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Given the square-wave function (later used to illustrate Gibbs phenomenon) $$f(x) = \left\{\begin{array}{c} \frac{h}{2} & 0 < x < \pi \\ -\frac{h}{2} & -\pi < x < 0 \end{array}\right.$$ I'm asked to show that the first $r$ terms of its Fourier series $$S_r (x) = \frac{a_0}{2} + \sum_{n=1}^{r} \left (a_n \cos nx + b_n \sin nx \right)$$ can be written as

$$S_r (x) = \frac{1}{2 \pi}\displaystyle\int_{-\pi}^{\pi} f(t) \frac{\sin \left( (r+1/2)(t-x)\right)}{\sin \left( (t-x)/2\right)} dt$$

Now I realize that since $f$ is odd we expect to have only $b_n$ terms in our sum, whence the sines. However I do not quite get the same result when using the standard definition of $b_n$. Is there some kind of change of variable I should perform to get it to the above form? And why is there a $(t-x)$ term in the arguments of the sines?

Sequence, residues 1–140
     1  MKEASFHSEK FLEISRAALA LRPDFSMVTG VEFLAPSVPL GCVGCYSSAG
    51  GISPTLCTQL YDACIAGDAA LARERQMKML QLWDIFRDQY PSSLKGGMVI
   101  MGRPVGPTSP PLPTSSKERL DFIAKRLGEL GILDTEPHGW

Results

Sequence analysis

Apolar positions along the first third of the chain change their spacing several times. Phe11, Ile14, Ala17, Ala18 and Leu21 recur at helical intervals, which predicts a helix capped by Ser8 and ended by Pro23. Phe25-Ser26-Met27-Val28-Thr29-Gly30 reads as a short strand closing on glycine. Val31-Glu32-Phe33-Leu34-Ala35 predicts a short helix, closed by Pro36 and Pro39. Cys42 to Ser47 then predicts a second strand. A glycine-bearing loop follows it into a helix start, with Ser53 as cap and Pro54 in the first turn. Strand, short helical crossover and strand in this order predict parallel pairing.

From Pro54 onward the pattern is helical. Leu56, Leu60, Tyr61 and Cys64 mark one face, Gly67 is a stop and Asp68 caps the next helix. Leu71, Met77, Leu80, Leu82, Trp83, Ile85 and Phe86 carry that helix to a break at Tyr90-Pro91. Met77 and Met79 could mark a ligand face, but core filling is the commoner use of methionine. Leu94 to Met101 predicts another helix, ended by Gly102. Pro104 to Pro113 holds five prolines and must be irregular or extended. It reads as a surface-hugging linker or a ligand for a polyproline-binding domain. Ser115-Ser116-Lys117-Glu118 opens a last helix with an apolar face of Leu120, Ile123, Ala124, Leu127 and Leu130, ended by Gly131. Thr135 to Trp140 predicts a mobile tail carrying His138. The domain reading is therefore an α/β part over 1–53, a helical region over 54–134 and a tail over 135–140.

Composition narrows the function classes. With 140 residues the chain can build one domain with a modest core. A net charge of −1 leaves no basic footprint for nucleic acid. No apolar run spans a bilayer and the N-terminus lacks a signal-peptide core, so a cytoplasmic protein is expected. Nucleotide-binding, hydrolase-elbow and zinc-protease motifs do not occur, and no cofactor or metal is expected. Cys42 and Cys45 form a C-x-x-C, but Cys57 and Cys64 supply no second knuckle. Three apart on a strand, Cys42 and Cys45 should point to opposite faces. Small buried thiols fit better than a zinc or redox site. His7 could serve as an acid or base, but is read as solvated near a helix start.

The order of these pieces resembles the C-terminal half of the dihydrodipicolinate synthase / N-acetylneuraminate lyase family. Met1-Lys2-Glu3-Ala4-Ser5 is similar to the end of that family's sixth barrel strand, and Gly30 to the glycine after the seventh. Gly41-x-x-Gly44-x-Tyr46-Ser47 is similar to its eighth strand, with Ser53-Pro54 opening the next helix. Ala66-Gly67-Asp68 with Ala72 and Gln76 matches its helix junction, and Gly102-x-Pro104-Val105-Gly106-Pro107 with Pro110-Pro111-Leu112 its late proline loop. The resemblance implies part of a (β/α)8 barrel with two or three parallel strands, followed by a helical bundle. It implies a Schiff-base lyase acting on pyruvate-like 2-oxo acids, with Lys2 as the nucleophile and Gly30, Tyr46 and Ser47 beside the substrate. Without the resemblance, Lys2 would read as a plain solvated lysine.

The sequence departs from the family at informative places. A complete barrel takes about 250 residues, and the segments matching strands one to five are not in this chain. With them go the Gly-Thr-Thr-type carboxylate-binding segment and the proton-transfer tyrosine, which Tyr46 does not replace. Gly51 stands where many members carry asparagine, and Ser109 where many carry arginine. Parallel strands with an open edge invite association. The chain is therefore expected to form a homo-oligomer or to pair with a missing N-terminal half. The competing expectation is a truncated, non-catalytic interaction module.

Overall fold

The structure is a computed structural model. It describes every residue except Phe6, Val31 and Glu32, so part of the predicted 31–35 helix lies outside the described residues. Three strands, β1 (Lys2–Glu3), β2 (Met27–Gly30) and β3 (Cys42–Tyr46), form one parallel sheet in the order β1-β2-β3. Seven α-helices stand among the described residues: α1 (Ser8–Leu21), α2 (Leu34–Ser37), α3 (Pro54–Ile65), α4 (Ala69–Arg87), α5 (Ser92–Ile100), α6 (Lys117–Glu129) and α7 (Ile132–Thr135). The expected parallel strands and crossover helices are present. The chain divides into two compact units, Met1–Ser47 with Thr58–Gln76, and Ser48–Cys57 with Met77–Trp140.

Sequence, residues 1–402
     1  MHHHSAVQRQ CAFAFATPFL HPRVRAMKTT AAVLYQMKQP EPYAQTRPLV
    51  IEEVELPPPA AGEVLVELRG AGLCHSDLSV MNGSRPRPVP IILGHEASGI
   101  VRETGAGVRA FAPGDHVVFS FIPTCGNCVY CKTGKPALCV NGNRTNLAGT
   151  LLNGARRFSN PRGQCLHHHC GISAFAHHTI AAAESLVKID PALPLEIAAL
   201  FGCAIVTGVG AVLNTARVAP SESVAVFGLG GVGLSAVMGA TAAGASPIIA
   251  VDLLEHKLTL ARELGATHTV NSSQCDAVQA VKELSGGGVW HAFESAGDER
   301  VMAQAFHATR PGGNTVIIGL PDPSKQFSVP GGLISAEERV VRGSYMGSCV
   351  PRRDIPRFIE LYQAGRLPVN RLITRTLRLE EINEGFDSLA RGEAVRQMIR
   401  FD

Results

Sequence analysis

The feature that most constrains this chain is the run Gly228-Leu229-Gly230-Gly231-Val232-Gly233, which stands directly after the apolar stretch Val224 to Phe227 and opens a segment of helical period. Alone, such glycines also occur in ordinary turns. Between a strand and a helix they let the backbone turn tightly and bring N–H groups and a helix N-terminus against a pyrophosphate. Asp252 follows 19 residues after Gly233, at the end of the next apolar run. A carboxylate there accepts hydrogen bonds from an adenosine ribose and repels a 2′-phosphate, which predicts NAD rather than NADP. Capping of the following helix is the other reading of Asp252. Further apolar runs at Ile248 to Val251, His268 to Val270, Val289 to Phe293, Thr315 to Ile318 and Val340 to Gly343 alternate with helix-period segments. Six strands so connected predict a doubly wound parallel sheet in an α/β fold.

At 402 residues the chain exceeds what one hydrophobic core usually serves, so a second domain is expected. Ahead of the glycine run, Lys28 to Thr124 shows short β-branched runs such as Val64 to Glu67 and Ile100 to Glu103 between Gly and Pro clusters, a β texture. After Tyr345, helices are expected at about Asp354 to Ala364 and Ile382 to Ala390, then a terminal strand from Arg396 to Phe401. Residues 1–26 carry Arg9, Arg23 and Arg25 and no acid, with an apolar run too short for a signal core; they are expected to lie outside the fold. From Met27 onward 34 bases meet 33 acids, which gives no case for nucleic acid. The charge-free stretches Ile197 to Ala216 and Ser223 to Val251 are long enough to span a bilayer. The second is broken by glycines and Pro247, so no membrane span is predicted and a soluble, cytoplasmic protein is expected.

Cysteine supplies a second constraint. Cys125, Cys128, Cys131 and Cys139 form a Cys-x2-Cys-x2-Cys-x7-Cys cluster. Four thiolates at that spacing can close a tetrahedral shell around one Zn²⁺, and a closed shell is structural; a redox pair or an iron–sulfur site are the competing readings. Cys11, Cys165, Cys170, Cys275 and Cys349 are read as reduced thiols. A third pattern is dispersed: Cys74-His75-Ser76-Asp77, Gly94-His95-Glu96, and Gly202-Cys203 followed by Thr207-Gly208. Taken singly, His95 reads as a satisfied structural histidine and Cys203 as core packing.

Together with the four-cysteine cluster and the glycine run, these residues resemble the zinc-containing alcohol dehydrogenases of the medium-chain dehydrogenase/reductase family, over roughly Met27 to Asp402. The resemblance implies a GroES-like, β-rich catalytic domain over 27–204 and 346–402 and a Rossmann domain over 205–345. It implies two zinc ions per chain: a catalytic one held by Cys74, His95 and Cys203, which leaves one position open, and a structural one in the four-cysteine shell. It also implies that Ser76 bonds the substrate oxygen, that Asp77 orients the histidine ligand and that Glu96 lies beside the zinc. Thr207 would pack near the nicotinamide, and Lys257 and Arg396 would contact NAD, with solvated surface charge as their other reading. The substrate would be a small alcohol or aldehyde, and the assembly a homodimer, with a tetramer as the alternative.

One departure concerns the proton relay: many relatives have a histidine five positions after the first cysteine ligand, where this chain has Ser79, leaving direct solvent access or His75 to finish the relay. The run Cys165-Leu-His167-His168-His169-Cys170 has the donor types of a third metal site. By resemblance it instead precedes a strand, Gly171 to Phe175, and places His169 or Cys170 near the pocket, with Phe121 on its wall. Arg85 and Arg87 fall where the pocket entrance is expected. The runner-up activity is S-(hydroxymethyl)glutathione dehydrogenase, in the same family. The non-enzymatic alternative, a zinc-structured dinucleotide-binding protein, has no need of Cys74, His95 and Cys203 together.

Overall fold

Any help would be appreciated.

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Hint: $$b_n = 2\frac{h \sin ^2\left(\frac{n\pi}{2}\right)}{n\pi}=\frac{h(1-(-1)^n)}{n\pi}$$ So: $$S_{2r-1}=\sum_{n=1}^r \frac{2h}{(2n-1)\pi}\sin((2n-1)x)$$

Now, write out the Riemann sum for the function $\sin(x)/x$ on the interval $[0,\pi]$

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